Fifty two bodies have been identified, 12
persons are still on the missing list and presumed
dead, 43 injured, 122 houses and 45 shops burnt,
ten cars, 50 bicycles, 175 fishing nets and fishing
The Valveltiturai Citizens Committee is one of
the very few Citizens' Committees Peninsula,
although its membership has come down from the
original eleven to three. In the last three to four
months, there were no incidents in the area," says
Mr Selvendra, "one of the reasons being that with
the village identified as the home of LTTE, no
rival groups have been operating."
However, seven IPKP camps ring the village like
a noose, and that fateful day, after the LTTE
ambush of the IPKF patrol, the noose tightened with
reinforcements arriving. Once the IPKF reprisals
began there was no escape for the villagers.
"The crossfire syndrome has become the
convenient excuse for civilian casualties, but in
this case it wasn't so." says a village elder.
As the firing started people in the streets
rushed into the buildings and nobody was killed at
that time. It was later. when the reinforcements
arrived, that the enraged soldiers dragged people
out of the buildings in which they had sought
refuge and shot them dead. Young ,men who were
almost a kilometer away from the scene of incident
were dragged into the area and were seen being
rolled on the ground with the soldiers kicking them
with their boots and hitting them with their rifle
"They poured something on the walls of the
houses before setting them on fire," says a retired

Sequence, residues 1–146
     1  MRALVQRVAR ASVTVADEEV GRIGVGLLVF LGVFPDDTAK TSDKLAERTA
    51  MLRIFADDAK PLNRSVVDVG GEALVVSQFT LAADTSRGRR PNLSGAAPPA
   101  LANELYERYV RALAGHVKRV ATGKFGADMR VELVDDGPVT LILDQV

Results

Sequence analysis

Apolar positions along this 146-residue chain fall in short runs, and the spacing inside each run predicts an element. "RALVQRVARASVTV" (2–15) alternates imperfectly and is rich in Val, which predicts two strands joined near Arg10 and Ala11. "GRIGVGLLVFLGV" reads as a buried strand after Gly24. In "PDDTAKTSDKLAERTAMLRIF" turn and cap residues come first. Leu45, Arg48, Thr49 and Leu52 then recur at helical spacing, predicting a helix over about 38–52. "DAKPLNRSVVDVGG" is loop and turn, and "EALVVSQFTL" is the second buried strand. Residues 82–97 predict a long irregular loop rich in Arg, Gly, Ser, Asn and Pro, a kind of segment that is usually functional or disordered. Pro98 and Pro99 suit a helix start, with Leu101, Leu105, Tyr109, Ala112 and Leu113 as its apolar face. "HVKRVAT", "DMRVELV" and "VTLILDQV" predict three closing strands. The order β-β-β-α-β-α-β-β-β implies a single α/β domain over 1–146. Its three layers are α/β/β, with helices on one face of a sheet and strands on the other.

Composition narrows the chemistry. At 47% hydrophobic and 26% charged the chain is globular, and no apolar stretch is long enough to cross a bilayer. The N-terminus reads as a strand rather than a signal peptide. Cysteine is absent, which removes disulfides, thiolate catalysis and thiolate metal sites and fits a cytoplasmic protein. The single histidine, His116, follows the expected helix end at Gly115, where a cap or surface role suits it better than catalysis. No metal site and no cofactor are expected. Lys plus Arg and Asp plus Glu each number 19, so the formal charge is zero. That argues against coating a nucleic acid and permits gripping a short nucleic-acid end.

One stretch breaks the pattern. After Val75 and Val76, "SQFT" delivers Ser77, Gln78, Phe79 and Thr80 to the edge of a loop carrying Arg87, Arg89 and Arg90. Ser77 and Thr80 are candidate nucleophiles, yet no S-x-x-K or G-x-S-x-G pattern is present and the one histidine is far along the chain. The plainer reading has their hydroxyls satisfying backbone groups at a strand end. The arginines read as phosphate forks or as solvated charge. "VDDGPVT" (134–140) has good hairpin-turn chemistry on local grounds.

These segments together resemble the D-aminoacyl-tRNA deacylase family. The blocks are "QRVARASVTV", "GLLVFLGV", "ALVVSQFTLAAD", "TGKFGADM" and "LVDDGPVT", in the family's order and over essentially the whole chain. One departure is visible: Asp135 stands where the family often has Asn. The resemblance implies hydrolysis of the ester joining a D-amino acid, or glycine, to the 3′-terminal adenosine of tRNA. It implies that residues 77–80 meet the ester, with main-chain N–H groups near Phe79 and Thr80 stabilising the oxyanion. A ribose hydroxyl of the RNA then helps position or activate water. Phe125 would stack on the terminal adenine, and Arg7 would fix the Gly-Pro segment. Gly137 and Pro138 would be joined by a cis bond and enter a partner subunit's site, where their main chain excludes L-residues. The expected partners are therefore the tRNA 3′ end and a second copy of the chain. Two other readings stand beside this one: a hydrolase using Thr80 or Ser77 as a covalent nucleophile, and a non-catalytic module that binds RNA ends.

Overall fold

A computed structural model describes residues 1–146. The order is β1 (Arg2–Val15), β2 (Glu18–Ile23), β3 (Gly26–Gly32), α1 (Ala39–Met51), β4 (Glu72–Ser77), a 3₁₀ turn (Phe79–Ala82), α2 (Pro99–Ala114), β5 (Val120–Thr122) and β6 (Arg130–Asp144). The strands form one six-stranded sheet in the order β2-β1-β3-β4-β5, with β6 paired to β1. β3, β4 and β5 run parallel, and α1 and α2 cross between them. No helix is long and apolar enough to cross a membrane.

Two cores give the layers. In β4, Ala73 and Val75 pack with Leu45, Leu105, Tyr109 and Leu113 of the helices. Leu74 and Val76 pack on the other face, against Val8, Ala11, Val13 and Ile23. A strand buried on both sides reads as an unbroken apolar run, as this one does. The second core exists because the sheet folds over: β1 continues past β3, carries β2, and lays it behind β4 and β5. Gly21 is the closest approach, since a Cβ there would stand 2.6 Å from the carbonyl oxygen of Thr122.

government servant, in whose house two rooms were
completely burnt down. With the help of neighbours,
he managed to salvage a part of his house.
Sivamoneydevi Thalayasingham lost two of her sons
Twenty-one-year-old Sivakumar and 18-year-old
Jeyamohan were at the village cinema hall. from
where they were dragged out and taken by the IPKF,
she told me. They were among 35 people who were
detained that first day. Only seven of them
returned to tell their terrible tale - the rest
were doused with petrol and burnt.
Valvettiturai is not an
isolated incident of IPKF atrocities on innocent
civilians. In recent weeks, two other such
massacres took place - on July 26 and on August
We go down to Pt Pedro, seven miles away. We
travel the same way as we did on most of our
journey, avoiding the main roads and IPKF sentry
points, and taking bylanes and tracks no more than
dirt roads. Most of the time, we are guided by some
helpful villager who rides ahead of us on his
At the base hospital in Point Pedro we are just
in time to see Dr. John Louis, anaesthetist, and
Dr. Richard Casey, surgeon, of the French team,
finish their operations for the morning. Since July
10, they tell us, they have handled 80 gunshot
cases. "Things are getting worse, not better,"
says, Dr Louis.
On July 26, following the killing of an
Indian soldier in an LTTE ambush in the area, 13
people were found dead within a radius of one mile.
"Two or three were killed in their homes, others on
the road, old men and young men."
The most recent incident was on August 21
significantly, the day after the visit of the Sri
Lankan Minister of Foreign Affairs and Defence,
Ranjan Wijeratne to Velvettiturai on a fact-finding
mission... It was after the minister left, and the
soldiers from the Point Pedro camp who had provided
security for the minister at Velvettitirai were
returning to their home bases, that a third
"massacre" took place.
Nobody seems certain what triggered it off, but
the general feeling is that an Indian soldier had
been fired upon by the LTTE, which sent the IPKF on
th' rampage again. The death toll this time was 13,
although only 11 bodies ended up at the Point Pedro
base hospital. Around 6.30 on the morning of August
21, the IPKF visited the home of 65-year-old
Murugar Sinnathurai, a retired government
He was drawing water at the well when the
IPKF surrounded the house, threw grenades and shot
at random at the (walls and the roof of the house,
say his wife and daughter. Then, they pushed him
into the compound. While his family pleaded with
the soldiers and Sinnathurai himself begged them to